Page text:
It was slated to be the longest night training LSD in the NightHawk Program, and turned out to be the most challenging as well.  The initial conditions were rather cooling as we ran alongside the green lung of OUTR, but once out onto UTR, we had to contend  with a few traffic junctions and some heat generated from the road traffic.  There was some relief when we hit the connector road along Mandai Roadand it was rather nice pacing all the way to Mandai Lake Road, the entrance to the Zoo. 

The HM folks reached their U-turn point at Yishun Ave1/Mandai Rd at a good average pace of 5:40min/km.  When they turned back, they would be trying for a slight negative split, running slightly faster in the second half if their conditions allowed and their fuel tanks have been economically managed up till then.

The FM group turned left onto Mandai Roadfor that longish stretch towards Mandai Zoo.  The group was rather tight knit with about 8-10 runners bunched up running at comfortable pace.  A quick gel, drink and regroup later, the group was back on the return for the remaining 15.5km.  Groups 2 and 3 quickly surfaced from the distance, telling us that they probably were running at quite a fast initial pace.  Group 1 runners and pacers were rather bunched up with 2 main sections, 1 going at about 5:20min/km, and the other 5:35min/km, not too bad since we could cater to the different running targets within the same pace group. 

The Kookaburra Program was into its 3rd session, and with basebuilding in mind, the Kookaburra trainees were all too happy to go along with the running guides doing 16km and 25km distances.  Because the group is smaller, they were able to keep together within their respective timings and eventually completed 26km, not too bad for only the second time they were running with FatBird.

The key lesson for the night must surely be the sudden change of weather to one with humid conditions 1.5hrs into the run.  That made the return leg of the runners much more challenging, and there were a few incidents of ‘loss of power’ through fatigue and dehydration.  Although many brought along their fuel belts and hydration packs, they were not prepared for those levels of humidity and warmth.  The humidity got on to some of the runners who had emptied their hydration ahead of plans, and there were really no water points along that longish stretch of Mandai Road for replenishment.  By ¾ of the journey, paces were dropped in Groups 1, 2, 3 and 4, with a number having to take more walk-breaks to recover and gain a second wind.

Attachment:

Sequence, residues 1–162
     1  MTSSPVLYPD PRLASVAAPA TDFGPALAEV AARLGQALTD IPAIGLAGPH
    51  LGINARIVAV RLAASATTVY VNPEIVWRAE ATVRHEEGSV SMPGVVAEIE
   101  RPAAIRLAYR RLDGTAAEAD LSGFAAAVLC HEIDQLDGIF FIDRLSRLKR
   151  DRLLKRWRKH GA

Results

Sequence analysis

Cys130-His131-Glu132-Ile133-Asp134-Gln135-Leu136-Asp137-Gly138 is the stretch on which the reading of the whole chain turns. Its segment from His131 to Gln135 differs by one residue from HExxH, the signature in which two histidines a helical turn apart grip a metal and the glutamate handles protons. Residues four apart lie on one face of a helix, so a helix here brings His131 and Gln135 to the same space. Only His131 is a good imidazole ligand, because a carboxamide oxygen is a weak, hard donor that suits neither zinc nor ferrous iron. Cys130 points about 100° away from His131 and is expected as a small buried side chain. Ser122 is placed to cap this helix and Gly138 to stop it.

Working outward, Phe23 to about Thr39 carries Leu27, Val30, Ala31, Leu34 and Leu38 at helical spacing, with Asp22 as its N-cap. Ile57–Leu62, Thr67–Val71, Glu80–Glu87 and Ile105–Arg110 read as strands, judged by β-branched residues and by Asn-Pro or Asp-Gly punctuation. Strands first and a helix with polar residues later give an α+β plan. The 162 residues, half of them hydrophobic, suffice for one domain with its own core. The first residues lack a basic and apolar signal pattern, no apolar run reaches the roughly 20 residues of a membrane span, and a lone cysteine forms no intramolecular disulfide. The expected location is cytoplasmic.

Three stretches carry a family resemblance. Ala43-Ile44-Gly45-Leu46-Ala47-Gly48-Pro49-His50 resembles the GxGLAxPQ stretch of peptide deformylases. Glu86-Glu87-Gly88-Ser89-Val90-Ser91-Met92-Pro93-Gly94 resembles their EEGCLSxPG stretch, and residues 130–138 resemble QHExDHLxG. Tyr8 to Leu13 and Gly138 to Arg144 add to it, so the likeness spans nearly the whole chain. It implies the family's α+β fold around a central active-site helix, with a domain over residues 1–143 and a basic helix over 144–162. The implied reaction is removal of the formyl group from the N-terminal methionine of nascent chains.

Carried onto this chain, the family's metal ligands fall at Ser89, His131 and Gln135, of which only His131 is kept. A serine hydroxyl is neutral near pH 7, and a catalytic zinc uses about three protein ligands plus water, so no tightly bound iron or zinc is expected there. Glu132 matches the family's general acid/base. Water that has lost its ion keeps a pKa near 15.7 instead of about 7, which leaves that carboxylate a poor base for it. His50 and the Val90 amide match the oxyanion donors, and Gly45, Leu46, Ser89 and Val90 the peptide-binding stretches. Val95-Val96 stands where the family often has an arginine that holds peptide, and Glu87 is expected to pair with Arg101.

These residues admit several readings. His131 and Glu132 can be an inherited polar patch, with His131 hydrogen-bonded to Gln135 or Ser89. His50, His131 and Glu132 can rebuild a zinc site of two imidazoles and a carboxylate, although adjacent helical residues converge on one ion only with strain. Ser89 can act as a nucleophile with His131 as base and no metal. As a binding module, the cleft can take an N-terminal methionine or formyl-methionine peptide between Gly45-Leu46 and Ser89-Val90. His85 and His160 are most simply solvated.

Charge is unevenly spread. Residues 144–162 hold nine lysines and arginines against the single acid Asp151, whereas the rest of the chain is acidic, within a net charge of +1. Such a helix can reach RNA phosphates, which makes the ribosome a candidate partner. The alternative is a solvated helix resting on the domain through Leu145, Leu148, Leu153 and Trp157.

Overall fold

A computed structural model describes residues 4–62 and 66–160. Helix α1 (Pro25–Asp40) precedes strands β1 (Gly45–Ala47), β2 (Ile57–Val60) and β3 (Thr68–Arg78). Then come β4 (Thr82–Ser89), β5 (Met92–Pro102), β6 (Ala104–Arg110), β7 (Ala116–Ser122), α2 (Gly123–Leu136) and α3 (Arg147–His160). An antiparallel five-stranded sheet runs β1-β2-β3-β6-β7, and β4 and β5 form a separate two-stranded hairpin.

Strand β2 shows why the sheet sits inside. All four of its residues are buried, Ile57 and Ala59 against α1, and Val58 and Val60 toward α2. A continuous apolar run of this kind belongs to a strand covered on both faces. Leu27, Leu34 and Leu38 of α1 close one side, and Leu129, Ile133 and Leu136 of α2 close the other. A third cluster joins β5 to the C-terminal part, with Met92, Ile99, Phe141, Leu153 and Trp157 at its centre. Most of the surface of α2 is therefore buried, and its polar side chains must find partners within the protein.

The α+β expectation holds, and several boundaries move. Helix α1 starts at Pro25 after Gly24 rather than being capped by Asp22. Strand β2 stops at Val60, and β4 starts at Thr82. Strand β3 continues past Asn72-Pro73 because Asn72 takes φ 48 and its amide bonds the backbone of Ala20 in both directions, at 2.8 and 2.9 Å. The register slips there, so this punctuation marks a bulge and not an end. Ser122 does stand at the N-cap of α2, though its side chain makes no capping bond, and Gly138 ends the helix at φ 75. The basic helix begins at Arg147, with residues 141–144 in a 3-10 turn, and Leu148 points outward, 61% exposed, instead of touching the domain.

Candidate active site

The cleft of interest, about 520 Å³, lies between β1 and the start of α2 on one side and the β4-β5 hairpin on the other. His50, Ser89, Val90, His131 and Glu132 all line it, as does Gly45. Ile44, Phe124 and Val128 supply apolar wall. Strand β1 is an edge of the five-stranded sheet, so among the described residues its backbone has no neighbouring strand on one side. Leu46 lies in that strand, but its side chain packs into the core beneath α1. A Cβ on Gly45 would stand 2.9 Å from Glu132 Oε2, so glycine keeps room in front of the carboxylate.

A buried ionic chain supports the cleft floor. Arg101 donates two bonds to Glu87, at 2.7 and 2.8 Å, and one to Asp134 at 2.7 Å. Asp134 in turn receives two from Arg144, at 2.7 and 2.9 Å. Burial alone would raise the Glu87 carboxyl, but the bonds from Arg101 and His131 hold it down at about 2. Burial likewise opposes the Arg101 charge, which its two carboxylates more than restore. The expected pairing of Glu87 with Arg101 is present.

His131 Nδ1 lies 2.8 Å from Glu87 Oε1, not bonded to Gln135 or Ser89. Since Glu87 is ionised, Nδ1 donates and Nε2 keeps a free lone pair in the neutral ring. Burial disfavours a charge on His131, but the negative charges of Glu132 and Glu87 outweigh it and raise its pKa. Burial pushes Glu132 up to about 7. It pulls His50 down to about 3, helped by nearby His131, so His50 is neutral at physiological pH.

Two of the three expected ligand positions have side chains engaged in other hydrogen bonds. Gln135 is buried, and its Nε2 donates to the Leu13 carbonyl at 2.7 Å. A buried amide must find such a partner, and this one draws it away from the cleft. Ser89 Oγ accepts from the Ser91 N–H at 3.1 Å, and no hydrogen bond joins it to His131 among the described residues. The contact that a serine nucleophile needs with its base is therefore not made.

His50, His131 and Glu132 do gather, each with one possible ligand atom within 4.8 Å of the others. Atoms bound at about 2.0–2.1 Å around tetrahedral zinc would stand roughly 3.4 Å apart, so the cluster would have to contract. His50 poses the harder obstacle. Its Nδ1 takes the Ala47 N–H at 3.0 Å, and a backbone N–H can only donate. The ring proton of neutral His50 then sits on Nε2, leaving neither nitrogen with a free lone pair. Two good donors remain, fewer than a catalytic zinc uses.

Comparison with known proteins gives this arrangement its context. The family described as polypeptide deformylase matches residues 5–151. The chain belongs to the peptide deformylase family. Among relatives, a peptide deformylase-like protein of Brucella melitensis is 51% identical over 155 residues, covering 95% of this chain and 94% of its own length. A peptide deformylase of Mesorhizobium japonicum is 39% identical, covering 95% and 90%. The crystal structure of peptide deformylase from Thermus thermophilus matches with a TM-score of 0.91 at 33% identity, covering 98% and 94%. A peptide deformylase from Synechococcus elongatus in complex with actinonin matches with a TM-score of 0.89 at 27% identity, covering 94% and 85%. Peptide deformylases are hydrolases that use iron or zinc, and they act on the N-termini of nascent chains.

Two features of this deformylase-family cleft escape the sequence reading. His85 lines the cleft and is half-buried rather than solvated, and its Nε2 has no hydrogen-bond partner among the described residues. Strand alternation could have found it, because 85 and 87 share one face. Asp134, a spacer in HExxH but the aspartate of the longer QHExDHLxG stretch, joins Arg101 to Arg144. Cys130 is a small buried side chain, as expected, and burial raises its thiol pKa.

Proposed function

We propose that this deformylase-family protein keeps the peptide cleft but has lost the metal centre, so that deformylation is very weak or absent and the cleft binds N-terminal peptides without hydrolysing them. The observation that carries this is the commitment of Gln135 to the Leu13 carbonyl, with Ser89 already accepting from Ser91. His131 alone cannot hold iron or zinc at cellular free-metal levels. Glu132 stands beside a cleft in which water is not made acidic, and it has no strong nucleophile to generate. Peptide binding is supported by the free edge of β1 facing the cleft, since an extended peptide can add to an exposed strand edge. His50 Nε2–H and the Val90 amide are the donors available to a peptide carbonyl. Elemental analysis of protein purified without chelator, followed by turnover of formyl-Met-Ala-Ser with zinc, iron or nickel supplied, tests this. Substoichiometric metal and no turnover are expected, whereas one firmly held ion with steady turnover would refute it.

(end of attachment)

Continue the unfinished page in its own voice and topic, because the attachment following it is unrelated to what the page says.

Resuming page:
With a strong base built up over the past few weeks, the trainees were able to eventually overcome the challenges of the Wild Night, although many were drained by the heat and felt quite exhausted at the end.  It was a good experience for all the Nighthawks to understand how their bodies perform for night running, the humid conditions leading to rapid loss of fluids and electrolytes, the low visibility causing the mind to tell the body it is tired and wants to go to sleep, etc.  If not for the groups that they were running along with, many of them would have stopped and walked all the way back. 

 
Back at MacRitchie Amenities Centre, there were more time spent this evening on debriefs and feedback on the feelings of the challenges of running at night.  We have learnt much about night running and that it poses different challenges from day running.  The NightHawks and Kookaburras can be proud of themselves that they went through the Wild Night relatively unscathed although some had encountered difficulties along the way.  It is through toughing it out at such runs that we can be conditioned better for race night – the mantra of ‘Train Hard, Race Easy’ never rang so true with the NightHawks & Kookaburras until this evening. 

We are glad we got to experience the tough conditions, which will serve to strengthen us as well as not to take the marathon/half too lightly, esp. one that is run at night.  We now enter the final stages of marathon training with the culmination of the longest LSD next weekend, all 21km-35km of running  glory, this time in the morning and going at Optimal Pace.  Till then, we will have a good rest while reflecting on the lessons we garnered from The Wild Night Run at MR.

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